It’s impossible to deny that the landscape of the event industry has changed drastically during the pandemic.
Global restrictions hit the industry particularly hard. As mass gatherings moved online for a longer period than anticipated, organizers were forced to adapt. If you’ve been a regular attendee of streamed events over the past year or so, chances are you’ve had a mixed experience.
Virtual event facilitation isn’t an easy task. Without serious consideration for new ways to energize remote audiences, it is easy for engagement to dwindle. Despite being in such a digitally-driven age, going virtual was still a foreign concept for many planners until recently.
Event organizers have had to put fresh thought into how to level up content and experiences, especially to account for the social gap resulting from a lack of face-to-face connection. Conferences, gigs, festivals, trade shows, fundraisers and corporate get togethers across the world have shown a marked improvement in virtual management success as they implemented new ways for attendees to achieve that sense of community.
Our own tech talks channel, Pusher Sessions, has seen some interesting engagement metrics over the last year as our meetup partners moved to streamed events. Changes to the ways people view and interact have left us considering how we can develop our practices to best support the thriving tech community in London as the city opens its doors again, and offer more to our friends and users further afield.
What does it take to create a successful virtual event?
There are a number of features that can help to create a successful remote event platform:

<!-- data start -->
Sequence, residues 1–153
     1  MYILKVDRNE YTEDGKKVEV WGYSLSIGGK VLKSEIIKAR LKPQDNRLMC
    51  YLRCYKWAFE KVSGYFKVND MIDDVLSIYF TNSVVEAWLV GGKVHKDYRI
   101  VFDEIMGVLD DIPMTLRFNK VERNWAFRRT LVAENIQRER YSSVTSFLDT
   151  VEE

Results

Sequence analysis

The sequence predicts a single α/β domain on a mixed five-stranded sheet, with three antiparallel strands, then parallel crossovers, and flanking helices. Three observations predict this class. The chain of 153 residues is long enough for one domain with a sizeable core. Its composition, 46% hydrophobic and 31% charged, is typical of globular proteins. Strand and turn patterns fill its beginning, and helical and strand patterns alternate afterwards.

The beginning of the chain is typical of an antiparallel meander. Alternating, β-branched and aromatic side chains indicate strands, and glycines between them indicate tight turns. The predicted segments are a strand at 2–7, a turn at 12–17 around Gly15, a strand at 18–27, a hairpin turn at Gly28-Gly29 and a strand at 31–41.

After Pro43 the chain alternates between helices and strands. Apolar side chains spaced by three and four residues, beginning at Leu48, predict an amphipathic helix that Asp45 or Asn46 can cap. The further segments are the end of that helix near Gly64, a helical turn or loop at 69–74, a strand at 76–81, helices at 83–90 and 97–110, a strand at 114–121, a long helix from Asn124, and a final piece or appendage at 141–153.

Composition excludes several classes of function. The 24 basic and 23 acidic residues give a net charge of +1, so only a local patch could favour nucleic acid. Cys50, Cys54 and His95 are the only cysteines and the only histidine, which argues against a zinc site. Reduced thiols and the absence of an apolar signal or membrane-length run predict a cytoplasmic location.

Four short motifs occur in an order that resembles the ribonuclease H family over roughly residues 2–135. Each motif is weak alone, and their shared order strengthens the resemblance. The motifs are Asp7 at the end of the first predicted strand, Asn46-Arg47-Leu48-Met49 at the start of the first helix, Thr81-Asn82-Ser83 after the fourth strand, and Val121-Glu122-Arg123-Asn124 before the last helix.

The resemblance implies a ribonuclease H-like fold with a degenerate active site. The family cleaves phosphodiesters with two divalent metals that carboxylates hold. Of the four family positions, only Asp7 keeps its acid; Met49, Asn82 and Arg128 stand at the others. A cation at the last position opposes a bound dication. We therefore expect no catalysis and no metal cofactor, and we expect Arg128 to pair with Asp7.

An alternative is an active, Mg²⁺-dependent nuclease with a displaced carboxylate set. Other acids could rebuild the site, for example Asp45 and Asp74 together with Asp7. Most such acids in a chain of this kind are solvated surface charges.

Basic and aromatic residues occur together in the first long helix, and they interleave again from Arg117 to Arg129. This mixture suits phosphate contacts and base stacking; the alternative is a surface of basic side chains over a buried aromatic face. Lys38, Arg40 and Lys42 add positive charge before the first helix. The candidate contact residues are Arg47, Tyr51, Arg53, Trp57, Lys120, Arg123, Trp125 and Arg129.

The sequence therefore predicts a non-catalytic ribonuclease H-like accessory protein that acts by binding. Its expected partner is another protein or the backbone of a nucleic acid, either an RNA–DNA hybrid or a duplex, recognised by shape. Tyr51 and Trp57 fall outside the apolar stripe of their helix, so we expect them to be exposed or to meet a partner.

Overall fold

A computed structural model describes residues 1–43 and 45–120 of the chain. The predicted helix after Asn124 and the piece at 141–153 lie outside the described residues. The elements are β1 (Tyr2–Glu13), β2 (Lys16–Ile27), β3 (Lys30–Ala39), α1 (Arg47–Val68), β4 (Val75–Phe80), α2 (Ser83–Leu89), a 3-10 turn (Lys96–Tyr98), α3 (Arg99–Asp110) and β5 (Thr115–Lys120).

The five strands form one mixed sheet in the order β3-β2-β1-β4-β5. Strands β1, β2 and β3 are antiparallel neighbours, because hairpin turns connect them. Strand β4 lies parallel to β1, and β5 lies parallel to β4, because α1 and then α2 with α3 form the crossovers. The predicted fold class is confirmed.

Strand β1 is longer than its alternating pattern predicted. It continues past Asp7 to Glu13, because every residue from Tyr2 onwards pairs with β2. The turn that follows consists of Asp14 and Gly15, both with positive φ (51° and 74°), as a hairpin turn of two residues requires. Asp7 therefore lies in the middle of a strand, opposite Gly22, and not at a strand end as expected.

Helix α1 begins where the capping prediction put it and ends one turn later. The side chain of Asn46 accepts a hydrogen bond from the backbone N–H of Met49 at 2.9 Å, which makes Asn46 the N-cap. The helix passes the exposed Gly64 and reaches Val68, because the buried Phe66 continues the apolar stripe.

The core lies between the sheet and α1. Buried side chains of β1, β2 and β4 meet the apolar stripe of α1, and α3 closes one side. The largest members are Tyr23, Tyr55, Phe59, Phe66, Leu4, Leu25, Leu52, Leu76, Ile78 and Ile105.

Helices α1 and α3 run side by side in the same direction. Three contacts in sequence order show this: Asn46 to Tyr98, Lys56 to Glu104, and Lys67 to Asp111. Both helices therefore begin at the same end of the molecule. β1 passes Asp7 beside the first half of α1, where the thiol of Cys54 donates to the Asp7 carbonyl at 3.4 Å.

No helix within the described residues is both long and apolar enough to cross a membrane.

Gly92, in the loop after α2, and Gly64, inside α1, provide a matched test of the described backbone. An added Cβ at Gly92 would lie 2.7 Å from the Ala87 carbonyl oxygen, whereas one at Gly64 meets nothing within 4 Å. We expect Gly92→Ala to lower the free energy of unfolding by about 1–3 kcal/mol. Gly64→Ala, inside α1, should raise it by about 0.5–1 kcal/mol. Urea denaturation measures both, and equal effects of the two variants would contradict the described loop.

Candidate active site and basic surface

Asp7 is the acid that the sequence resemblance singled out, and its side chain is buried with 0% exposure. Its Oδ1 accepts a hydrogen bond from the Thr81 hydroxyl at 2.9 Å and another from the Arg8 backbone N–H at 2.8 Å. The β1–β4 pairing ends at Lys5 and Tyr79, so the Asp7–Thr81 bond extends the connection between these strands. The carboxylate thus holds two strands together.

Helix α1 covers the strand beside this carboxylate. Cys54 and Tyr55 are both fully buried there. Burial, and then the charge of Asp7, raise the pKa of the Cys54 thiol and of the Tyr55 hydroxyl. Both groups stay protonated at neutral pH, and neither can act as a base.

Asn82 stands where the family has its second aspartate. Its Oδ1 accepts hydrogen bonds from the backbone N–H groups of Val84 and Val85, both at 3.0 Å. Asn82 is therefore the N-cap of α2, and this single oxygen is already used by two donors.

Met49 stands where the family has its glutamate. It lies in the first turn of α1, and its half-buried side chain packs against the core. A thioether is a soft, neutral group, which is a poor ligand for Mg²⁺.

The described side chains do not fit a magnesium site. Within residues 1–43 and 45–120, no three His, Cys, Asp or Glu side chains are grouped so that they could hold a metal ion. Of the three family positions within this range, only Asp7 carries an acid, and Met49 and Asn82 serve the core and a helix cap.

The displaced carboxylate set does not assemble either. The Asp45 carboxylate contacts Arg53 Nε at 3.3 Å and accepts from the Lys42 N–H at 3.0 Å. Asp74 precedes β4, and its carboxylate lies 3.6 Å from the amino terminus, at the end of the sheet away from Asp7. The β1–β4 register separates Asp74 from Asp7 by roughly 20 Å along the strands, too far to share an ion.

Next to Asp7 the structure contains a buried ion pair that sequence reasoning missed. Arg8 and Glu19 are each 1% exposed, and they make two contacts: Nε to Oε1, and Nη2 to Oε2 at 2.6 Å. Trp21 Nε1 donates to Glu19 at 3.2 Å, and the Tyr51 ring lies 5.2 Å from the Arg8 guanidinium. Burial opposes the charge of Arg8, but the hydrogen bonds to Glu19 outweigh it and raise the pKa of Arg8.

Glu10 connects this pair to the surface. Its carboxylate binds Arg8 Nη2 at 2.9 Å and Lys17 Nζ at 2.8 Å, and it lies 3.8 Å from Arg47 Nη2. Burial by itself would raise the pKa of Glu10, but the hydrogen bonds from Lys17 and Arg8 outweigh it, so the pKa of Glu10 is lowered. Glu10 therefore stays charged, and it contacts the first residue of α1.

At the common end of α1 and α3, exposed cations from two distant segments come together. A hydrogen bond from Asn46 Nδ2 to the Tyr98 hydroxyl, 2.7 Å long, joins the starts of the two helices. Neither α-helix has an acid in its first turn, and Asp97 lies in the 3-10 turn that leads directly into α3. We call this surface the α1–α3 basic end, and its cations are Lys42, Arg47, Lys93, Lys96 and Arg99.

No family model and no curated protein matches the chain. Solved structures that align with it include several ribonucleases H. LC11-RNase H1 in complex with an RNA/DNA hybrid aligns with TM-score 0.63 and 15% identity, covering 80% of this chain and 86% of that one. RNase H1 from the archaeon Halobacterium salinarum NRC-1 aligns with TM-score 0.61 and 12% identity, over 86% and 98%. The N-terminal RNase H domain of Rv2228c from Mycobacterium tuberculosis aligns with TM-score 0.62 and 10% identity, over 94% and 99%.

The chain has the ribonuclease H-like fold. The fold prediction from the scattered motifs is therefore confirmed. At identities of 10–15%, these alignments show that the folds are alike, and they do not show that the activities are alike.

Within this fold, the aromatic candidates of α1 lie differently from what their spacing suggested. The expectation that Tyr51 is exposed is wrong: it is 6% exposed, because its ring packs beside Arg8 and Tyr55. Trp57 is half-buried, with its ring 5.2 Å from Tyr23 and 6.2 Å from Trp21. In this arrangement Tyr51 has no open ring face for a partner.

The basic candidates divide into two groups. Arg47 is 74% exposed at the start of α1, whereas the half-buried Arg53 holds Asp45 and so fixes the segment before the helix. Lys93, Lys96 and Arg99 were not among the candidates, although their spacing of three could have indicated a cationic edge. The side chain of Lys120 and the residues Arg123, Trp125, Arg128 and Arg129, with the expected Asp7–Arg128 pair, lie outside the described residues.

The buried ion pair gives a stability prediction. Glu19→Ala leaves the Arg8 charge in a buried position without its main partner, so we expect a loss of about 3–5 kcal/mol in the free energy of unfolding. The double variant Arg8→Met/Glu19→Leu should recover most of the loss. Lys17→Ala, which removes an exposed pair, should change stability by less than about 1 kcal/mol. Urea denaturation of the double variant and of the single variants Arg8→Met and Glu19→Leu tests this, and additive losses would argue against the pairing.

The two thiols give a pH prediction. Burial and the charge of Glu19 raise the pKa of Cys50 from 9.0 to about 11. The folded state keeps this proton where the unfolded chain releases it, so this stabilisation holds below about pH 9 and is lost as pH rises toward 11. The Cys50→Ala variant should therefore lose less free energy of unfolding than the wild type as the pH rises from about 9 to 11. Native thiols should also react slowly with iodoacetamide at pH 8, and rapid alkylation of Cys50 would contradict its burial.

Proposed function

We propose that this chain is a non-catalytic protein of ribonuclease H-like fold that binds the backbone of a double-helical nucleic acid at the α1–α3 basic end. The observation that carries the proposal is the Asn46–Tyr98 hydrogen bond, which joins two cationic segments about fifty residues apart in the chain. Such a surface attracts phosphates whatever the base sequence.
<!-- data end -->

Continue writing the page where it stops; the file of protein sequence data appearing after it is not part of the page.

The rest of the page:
- Networking tools like chat rooms and contact sharing so that audiences can engage with each other, share knowledge and grow ideas. Gaining sponsors is a major hurdle for streamed conferences, as they can lack the personal interaction sponsors benefit from when meeting attendees in real life. These features can be a major selling point for sponsors and vendors.
- Activity feeds which display upcoming activities, announcements, comments from viewers, interactions and even Q&As for speakers or performers.
- Presence indicators which mimic the social buzz of an in-person event and allow other visitors to see who else is online and watching. This could be as simple as having a live attendee list using presence indicators, or be a much more complex live map featuring realtime avatars which move around in a virtual venue.
- Collaborative spaces with task cards, multi-contributor documents and live updates for events like hackathons and meetings, so attendees can work together on building projects or solving problems.
- Interactivity displays where the number of viewers of a live stream, live likes, and featured comments are visualized in dynamic ways.
- Live results for competitions or content and engagement metrics.
Complementing in-venue experiences with digital tools
Real world events are on their way back. As restrictions gradually lift in a number of countries, many are craving true human interaction. But the success of digital event tools makes it clear that in-person events have needed to evolve for some time.